What is the basis for your assertion that Ac2O can be had by distilling GAA with isopropyl acetate?

Put some literature forward, please. Because I see nothing at all to this idea. I think it is nonsense.




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[*] posted on 12-10-2008 at 23:19


Isopropenyl Acetate. AKA Methyl Vinyl Acetate. The enol ester of acetone. You know, the one that is created by reacting acetone with ketene. U.S. $54.20 a liter via Aldrich. Product Number 117781

Interesting stuff.

It is used as an acetylating agent. It can acetylate cellulose, and In fact, it may be used to manufacture anhydrides.

So, you're kidding me right? You always did have such a wonderful sense of humor.

It really never occurred to you, that you might be able to produce acetic anhydride by mixing Isopropenyl Acetate with Glacial Acetic Acid? And then, drive the reaction to completion by removing acetone as it forms?

Think about it.

http://www.britannica.com/EBchecked/topic/25412/anhydride
http://www.informaworld.com/smpp/content~db=all~content=a757...
http://www.freshpatents.com/Method-for-the-production-of-ace...
[Edited on 12-10-2008 by zed]

[Edited on 12-10-2008 by zed]

[Edited on 12-10-2008 by zed]

[Edited on 13-10-2008 by zed]
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[*] posted on 13-10-2008 at 00:20


Isopropenyl acetate does indeed acetylate acetic acid to form acetic anhydride, but as far as I remember you need a catalytic amount of TsOH or other acids to reach equilibrium fast enough. Just refluxing acetic acid with isopropenyl acetate without acid catalyst and removing acetone trough fractionation might take too long. Anyway, Sauron and Hector already made a looong discussion on the subject. There were patents posted about this reaction using the cheaper vinyl acetate instead. Isopropenyl acetate is twice the price of acetic anhydride.



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[*] posted on 13-10-2008 at 01:12


Price is not the problem. A lot of the guys would like to have a little acetic anhydride.

Making it from Isopropenyl Acetate might be cheap enough, and probably relatively safe.

Here in the U.S., I think I could obtain A.A. fairly easily. In other parts of the world, closer to the poppy fields, it might be very tough to acquire.

As for fractionating, I do not know if it would be required. Acetone has a much lower boiling point than Isopropenyl Acetate, Acetic Anhydride, and even Glacial Acetic Acid.

And, since we are talking about an equilibrium.....It is conceivable that the acetone might be removed from the reaction mixture below normal reflux temperature, via vacuum distillation. Thereby reducing the formation of byproducts.

Having read the Hector thread, and the 18 pages of this thread, I did not recall any mention of Isopropenyl Acetate. So, I figured maybe it had been overlooked.



[Edited on 13-10-2008 by zed]
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[*] posted on 13-10-2008 at 01:52


Isopropenyl acetate = methyl vinyl acetate, all right. If you go back far enough in the thread you will see that I posted several papers dealing with vinyl acetate in similar reactions, also involving catalysts. Somewhere around here I have a large bottle of stabilized vinyl acetate monomer, which I purchased for the purpose of trying this out. However I have not yet done so as for various reasons my hood is not yet installed.

I assume methyl vinyl acetate also is a monomer requiring stabilization and therefore needs distilling prior to use in this reaction? '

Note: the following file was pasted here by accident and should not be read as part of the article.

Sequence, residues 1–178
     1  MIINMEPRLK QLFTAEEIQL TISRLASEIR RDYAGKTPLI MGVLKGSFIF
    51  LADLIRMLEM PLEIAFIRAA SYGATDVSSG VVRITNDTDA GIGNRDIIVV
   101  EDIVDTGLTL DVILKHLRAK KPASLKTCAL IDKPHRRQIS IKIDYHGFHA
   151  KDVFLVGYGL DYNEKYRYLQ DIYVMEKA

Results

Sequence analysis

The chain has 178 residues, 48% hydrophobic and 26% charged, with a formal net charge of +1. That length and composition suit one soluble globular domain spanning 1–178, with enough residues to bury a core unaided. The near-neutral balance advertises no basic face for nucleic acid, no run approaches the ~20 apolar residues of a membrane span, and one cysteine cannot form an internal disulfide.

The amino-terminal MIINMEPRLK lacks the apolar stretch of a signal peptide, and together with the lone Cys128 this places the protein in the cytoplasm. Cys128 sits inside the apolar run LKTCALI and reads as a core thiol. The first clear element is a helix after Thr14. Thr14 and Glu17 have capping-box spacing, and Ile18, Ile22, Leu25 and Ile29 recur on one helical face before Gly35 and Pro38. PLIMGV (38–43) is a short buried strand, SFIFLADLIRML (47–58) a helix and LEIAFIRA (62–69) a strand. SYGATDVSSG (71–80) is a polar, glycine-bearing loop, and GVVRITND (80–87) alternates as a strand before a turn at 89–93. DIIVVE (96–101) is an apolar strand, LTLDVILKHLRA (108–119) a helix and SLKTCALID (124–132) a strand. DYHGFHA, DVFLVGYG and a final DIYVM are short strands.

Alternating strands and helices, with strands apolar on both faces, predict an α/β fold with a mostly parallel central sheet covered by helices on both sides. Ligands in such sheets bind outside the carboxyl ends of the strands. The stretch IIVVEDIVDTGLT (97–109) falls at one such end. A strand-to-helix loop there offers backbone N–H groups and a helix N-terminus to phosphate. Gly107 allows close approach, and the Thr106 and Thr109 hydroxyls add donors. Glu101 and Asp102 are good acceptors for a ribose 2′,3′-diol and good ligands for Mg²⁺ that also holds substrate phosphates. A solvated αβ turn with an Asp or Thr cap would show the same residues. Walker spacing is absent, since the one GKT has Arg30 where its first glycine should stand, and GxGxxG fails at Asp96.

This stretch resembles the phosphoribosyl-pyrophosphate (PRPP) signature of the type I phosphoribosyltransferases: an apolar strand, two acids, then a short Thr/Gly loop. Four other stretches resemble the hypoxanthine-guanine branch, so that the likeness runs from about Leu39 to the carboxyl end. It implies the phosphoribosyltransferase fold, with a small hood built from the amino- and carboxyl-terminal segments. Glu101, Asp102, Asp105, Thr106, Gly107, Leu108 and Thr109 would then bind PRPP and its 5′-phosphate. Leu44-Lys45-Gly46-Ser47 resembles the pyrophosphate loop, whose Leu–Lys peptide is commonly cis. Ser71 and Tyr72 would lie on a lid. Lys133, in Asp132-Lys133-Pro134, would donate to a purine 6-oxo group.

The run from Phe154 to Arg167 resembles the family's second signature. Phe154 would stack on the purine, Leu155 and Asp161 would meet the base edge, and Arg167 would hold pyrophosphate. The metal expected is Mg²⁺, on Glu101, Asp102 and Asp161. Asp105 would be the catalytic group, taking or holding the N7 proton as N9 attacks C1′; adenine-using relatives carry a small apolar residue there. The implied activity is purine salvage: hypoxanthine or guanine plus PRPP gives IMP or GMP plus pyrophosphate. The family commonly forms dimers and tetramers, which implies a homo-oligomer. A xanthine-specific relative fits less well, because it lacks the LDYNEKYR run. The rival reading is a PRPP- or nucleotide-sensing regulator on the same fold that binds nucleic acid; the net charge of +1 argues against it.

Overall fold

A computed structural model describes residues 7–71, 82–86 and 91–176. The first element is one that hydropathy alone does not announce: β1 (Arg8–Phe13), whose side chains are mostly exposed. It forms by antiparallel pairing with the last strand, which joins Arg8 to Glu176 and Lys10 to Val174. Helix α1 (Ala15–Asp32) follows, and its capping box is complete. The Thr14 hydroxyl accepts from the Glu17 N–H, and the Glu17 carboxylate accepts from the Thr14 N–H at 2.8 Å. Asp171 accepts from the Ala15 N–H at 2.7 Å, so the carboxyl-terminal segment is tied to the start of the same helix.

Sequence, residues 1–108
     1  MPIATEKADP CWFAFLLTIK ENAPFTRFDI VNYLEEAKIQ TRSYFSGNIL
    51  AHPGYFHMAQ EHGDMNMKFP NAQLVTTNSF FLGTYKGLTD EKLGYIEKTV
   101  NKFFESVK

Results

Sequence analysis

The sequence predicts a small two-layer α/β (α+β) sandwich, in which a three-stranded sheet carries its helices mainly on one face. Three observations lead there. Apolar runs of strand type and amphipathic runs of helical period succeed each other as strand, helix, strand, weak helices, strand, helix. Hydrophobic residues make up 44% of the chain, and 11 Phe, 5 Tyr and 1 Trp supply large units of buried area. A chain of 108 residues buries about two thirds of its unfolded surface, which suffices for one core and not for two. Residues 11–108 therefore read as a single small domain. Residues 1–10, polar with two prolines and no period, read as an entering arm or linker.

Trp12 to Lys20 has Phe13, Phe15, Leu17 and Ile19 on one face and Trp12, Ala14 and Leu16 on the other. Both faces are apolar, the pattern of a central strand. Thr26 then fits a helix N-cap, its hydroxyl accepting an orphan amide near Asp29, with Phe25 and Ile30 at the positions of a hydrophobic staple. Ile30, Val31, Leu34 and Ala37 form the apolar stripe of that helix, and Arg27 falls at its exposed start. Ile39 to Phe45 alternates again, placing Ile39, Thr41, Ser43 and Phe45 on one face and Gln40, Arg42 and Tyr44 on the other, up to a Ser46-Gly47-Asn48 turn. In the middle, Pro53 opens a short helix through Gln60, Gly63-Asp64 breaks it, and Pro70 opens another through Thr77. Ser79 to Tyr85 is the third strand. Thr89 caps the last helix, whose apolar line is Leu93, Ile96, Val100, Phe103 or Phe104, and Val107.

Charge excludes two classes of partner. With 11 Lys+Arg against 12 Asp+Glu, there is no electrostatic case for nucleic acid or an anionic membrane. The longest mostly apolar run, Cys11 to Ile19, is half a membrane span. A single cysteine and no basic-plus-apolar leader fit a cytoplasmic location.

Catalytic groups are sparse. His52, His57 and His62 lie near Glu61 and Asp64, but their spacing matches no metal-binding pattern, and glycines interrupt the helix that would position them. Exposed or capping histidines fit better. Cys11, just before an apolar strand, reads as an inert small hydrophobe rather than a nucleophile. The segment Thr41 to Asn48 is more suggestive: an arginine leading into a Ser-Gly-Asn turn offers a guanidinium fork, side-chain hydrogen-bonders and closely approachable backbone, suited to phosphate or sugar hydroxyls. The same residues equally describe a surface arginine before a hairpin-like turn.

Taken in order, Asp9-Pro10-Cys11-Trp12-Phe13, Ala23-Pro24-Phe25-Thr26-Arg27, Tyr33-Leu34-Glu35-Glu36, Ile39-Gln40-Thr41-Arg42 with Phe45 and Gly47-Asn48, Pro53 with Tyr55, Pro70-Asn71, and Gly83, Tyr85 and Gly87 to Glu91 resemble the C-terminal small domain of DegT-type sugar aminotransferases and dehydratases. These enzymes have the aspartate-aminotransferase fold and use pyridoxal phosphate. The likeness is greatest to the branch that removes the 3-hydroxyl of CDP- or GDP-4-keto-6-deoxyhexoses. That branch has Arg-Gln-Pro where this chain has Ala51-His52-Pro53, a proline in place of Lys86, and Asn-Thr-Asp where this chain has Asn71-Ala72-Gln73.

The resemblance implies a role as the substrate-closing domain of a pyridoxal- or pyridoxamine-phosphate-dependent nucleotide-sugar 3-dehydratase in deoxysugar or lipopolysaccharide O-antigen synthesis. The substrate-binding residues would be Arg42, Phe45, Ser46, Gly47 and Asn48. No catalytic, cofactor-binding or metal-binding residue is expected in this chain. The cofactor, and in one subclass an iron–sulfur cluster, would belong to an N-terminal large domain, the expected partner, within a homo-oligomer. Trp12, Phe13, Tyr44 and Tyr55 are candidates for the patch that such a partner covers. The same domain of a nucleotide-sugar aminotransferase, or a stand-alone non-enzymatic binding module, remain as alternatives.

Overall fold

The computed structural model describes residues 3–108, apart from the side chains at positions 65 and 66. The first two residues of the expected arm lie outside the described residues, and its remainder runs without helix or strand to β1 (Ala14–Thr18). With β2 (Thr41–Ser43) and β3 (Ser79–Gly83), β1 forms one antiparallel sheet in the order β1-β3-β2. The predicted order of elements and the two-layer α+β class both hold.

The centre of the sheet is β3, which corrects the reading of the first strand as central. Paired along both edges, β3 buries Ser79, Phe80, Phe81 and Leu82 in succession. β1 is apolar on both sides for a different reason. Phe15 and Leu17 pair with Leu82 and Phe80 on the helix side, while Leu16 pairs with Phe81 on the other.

I await someone actually performing this reaction and reporting success and preperative details.

Till then it seems to me there are quite a few better reactions out there than this one. Put not your faith in patents, sayeth Sauron. They'll bugger you every time.

[Edited on 13-10-2008 by Sauron]




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[*] posted on 13-10-2008 at 02:15


Quote:
Originally posted by Sauron
"Mentioned briefly here"? The reaction of P2O5 and NaCl as described by Tarbutton in JACS, has been flly described here and the original paper posted by me. You make it sound like a trivial operation. In fact that reaction does not initiate below 400 C, requires a high pressure apparatus (autoclave) to handle the autogenous pressure and takes about 20 hours on even a modest scale. There are a lot easier ways to make acetyl chloride than to prepare POCl3 to make it - which is not a very good method anyway.


I cited it as a reference where it was only briefly mentioned there. Always good to know further details.

Quote:
As to the proposition of GAA and P2O5 being treated with anhydrous HCl, that is fine if you happen to have a large cylinder of dry HCl handy. I have been pricing control valves and regulators for exactly such a cyclinder and find that they cost about 6 times the price of brass regulators for noncorrosive gases. That is, about $600 US for the cheapest single stage stainless steel regulator I have found.


Anhydrous HCl can be simply generated from:

a. conc. HCl and H2SO4. I had a glass appartus scheme for this, but I'd have to search for it.

b. mixing NaCl and H2SO4 which foams up a bit (overflow potential) releasing HCl, this mixture can later be heated to increase rate of reaction: NaCl + H2SO4 = NaHSO4 + HCl.

And then likley by melting NaHSO4 and NaCl (both dry). I've used this mixture to generate HCl, but not from anhydrous salts.

Quote:
So do you really think this is a practical approach after all? That is, assuming that the method works at all?


I don't think Berichte publishes shady papers. The paper cites Friedel in a Compt. rend. paper who carried the reaction out at 80º, the Berichte paper brought the reaction down to a lower temperature.

Quote:
Originally posted by Jor Can't acetic anhydride be prepared by means of action of CO upon methyl acetate, or does this reaction require veryy high temperature/pressure, or expensive catalysts?


Carbonylation of methyl acetate is a known method of Ac2O production. US4544511 describes synthesis using MeOAc and Me2O but they do use catalysts and autoclaves.

Quote:
Originally posted by zed
Isopropenyl Acetate. AKA Methyl Vinyl Acetate. The enol ester of acetone. You know, the one that is created by reacting acetone with ketene.